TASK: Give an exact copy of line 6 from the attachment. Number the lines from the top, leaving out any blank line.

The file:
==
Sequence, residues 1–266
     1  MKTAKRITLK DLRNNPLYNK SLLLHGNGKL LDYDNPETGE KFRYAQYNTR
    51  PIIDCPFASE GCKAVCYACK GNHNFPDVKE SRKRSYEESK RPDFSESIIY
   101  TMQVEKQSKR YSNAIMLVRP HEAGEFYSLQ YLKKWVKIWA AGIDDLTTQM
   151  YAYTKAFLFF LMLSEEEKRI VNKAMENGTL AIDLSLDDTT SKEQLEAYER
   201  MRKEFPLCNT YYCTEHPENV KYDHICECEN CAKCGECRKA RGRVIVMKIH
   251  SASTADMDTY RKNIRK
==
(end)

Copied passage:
   201  MRKEFPLCNT YYCTEHPENV KYDHICECEN CAKCGECRKA RGRVIVMKIH